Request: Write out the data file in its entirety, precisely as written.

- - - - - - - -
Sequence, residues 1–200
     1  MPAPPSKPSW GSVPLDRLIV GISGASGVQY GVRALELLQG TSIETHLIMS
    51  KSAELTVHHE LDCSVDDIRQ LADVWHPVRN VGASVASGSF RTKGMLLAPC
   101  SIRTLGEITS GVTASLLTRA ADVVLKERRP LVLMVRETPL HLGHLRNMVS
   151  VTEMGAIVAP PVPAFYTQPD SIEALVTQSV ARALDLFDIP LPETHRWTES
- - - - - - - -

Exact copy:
Sequence, residues 1–200
     1  MPAPPSKPSW GSVPLDRLIV GISGASGVQY GVRALELLQG TSIETHLIMS
    51  KSAELTVHHE LDCSVDDIRQ LADVWHPVRN VGASVASGSF RTKGMLLAPC
   101  SIRTLGEITS GVTASLLTRA ADVVLKERRP LVLMVRETPL HLGHLRNMVS
   151  VTEMGAIVAP PVPAFYTQPD SIEALVTQSV ARALDLFDIP LPETHRWTES